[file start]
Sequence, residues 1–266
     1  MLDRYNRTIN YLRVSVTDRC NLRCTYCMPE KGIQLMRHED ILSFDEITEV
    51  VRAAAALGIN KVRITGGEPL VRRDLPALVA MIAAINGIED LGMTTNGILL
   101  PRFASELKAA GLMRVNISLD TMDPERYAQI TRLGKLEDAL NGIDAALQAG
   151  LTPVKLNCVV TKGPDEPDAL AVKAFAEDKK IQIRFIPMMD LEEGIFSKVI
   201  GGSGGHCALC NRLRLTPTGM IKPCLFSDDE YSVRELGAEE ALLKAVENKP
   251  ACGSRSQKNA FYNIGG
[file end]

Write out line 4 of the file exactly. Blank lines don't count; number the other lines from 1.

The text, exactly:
   101  PRFASELKAA GLMRVNISLD TMDPERYAQI TRLGKLEDAL NGIDAALQAG